It took me almost four years, but as of this month I have fully amortised my bike! Which means I'm now essentially "cycling for free", barring maintenance costs such as yearly workshop visits for a checkup, or the membership to London Cycling Campaign.
How do I know? Because, as a properly organised person, I kept track of each of my trips with the bike on a spreadsheet, adding up the equivalent cost had I taken public transport. It is exciting when you do a long trip across multiple zones: it helps amortising faster!
It's taken me 580 trips, cycling about 3000 km (I tracked these with Strava). I didn't cycle every day of these four years, as you might well deduct. When I lived closer to the office, I walked instead, so that slowed down my amortisation program.
Also: I have only fallen three times from the bike! One was entirely my fault (trying to do too many things at once and forgetting to keep my hands on the handlebars!). The second one was the fault of a pedestrian that did not look before crossing. The third one was a combination of Camden Council's fault for not gritting the streets during last March's snow, and my own fault for cycling on a day like that. It's quite impressive how quickly you can lose control of your bike when cycling over ice! 😅
I have changed a number of things on my bike, so it's not entirely the same:
- I replaced the front light as soon as I could. The shop that sold me the bike also sold me a very weak light that used AA batteries. They were always running out at the worst possible time, and I was cycling some bumpy and dark roads with a sad yellowy light. So it didn't take me much to get fed up and replace the lights with a strong USB rechargeable CATeye light.
- but then I replaced this with a Beryl light which also projects a laser green bike on the floor.
- and then I got a bracket to replace the front reflector with the CATeye light, so now my bike has two lights. Since the CATeye is right above the wheel, it helps finding potholes. I use it on the maximum brightness setting, no flashing. (I was also very excited that I figured how to install the light myself, without having to bring it to the workshop!)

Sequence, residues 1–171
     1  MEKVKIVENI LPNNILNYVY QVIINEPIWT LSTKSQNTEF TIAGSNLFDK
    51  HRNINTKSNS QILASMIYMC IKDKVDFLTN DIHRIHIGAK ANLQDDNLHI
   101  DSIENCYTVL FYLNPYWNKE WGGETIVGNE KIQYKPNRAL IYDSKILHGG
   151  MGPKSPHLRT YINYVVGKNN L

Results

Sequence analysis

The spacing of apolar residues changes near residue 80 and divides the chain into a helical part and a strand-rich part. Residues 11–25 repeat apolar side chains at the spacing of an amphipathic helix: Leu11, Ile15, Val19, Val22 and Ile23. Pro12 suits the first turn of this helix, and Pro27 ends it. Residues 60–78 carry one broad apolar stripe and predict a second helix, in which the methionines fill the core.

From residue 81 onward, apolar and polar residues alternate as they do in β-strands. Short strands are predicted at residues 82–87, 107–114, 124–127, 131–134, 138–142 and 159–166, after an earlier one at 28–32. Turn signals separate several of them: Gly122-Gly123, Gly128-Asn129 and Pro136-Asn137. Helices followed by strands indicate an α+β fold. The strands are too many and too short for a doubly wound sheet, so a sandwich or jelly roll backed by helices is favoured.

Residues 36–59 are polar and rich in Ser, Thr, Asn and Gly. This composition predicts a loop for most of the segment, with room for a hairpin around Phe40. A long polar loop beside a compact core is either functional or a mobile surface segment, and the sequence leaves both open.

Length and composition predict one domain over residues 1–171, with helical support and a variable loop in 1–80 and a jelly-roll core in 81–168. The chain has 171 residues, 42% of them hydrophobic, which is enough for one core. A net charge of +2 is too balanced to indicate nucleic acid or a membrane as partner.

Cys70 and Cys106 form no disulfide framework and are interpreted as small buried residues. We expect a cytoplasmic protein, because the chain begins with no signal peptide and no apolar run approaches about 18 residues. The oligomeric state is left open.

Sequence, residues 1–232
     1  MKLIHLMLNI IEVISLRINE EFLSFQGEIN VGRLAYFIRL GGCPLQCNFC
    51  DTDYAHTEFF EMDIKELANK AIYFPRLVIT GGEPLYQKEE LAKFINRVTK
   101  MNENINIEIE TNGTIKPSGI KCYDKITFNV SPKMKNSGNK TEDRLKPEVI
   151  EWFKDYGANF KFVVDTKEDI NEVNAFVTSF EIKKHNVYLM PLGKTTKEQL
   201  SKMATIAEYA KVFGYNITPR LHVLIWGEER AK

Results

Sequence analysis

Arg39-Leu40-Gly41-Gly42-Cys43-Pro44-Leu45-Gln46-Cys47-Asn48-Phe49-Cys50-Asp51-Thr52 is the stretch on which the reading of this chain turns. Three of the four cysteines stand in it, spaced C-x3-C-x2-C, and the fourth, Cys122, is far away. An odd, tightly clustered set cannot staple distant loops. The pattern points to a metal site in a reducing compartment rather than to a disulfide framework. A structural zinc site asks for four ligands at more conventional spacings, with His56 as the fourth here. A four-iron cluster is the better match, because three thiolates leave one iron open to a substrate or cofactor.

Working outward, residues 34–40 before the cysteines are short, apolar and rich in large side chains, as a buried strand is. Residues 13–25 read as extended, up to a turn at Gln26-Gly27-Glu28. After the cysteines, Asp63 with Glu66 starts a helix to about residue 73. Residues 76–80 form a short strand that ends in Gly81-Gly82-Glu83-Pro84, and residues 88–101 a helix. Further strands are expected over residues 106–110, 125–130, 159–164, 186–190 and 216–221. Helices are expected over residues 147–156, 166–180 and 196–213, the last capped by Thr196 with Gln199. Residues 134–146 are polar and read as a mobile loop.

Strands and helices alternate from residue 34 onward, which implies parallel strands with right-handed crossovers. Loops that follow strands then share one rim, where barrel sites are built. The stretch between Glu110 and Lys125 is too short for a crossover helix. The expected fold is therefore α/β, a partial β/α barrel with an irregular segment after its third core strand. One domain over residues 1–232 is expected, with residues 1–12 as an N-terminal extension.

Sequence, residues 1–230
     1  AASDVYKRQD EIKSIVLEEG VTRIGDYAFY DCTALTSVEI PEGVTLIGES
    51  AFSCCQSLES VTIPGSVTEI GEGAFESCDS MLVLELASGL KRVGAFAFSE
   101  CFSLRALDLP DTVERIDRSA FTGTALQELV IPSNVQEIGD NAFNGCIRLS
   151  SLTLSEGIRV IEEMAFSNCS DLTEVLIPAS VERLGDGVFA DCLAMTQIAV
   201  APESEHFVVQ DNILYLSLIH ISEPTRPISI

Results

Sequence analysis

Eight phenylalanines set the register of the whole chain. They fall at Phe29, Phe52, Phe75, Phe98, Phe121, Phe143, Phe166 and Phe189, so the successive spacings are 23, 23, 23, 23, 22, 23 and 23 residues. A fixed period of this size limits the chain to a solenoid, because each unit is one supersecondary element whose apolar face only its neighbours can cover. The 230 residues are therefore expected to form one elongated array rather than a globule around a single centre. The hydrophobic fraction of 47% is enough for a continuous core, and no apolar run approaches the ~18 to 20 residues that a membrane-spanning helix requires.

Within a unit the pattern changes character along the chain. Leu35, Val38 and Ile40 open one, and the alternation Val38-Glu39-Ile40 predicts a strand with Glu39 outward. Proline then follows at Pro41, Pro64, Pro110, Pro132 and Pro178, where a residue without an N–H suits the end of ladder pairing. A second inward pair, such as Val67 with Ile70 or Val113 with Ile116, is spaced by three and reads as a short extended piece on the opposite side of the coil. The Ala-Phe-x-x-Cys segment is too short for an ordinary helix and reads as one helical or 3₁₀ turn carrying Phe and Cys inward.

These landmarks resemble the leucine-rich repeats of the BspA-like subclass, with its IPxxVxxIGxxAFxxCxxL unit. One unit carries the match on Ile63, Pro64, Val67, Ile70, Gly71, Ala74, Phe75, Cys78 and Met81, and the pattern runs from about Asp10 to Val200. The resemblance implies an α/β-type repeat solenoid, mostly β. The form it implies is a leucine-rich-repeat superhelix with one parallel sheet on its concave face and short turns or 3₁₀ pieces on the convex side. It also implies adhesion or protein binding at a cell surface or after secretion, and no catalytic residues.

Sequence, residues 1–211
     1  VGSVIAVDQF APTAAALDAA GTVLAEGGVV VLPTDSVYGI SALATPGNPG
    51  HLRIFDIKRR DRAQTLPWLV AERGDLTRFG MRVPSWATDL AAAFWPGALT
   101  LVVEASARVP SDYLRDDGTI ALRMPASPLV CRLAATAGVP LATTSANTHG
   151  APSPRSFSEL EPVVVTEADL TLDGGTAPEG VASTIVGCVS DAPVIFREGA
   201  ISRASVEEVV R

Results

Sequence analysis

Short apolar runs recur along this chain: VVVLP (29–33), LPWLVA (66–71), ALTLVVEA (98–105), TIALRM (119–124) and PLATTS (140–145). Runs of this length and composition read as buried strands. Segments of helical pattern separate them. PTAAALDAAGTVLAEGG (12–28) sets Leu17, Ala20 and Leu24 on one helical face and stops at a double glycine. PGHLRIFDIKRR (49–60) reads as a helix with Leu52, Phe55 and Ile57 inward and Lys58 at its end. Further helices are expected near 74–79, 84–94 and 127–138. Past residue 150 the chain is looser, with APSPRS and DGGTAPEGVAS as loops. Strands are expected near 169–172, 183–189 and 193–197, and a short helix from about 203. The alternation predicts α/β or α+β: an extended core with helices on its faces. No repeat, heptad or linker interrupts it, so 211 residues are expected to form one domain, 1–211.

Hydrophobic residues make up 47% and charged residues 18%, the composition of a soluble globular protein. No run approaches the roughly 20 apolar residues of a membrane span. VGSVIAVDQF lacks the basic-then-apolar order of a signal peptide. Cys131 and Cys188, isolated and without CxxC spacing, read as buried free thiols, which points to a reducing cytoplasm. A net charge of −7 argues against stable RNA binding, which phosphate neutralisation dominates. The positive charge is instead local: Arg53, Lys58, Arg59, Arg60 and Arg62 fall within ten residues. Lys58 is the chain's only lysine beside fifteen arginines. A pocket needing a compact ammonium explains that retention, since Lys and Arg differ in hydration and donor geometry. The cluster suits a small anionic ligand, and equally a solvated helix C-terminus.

- I also carry a rechargeable CATeye back light which I clip to my backpack, so it's a bit higher up than the stock light (which is right under the seat, and I fear not very visible if I'm wearing a longer jacket).
- I replaced the old black handlebar grips as they broke in one of my falls. They are now phosphorescent yellow. I wanted them in white, but they were out of stock. This colour doesn't really match my bike, but they're quite visible, so there's that.
- I also had to replace the bell after my second fall, as the older one literally split in two. Now I have a QUITE LOUD Spurr bell. I'd love to find a nice 'ding dong' bell, but all the models I've seen are huge and I'm sure they'd add 500 gr to the bike. I'm not keen on lifting an extra half a kilo up the stairs!
- I replaced the gloves when they started to develop holes (it sort of pleased me: I was using them that much!)
- and also replaced the "sporty looking" helmet from Specialized, which I sort of hated but didn't know any better when I started, with a "urban lifestyle" helmet from Kask which was quite expensive compared to the rest, but it is so comfortable and stylish---plenty of people have declared their admiration for it!
- Finally, the chain was replaced this summer, as it was waaaay too stretched.
I'm still not sure if I like the Ortlieb front bag or not. It looks very ample, but the distribution of space isn't efficient. The pockets and internal divisions take so much space and make no sense. I keep forgetting where I placed things, and they are also very hard to access (they're too deep). Plus, it becomes full really quickly and you can't really place very bulky items on it, as you can't then close the bag! I keep trying to like it, but four years later the verdict is not decided yet. The good thing is: yes, it is waterproof.
Another thing I've changed my mind about is what to wear when on the bike. I initially would wear sports clothes (e.g. leggings, sports jacket etc). But then I visited Antwerp and I saw everyone cycling in their normal clothes, and it was a big inspiration to do the same when coming back. Which I did. I even took it some steps further, cycling in skirts and dresses (not at the same time!). It is very liberating to not to have to carry a change of clothes with you when you cycle, and it makes it more spontaneous to just go and cycle! Plus, it helps normalising the fact that normal people cycle, it's not all just people in lycra racing across the streets.
I'm still tracking the trips I do—if only to feel smug about how much money I keep saving, although discussing with people in the office we mentioned the fact that there's a new electric Brompton in the market and that could be interesting (it assists your pedalling when the road gets tough). But I would not want to get the first generation of any new technology, and besides, I'm still happy with my bike. Plus at this rate, it'll take me eight years to save up. They'll have developed an ultra light ultra efficient electric by then, maybe. Speak to you in eight years time! 😏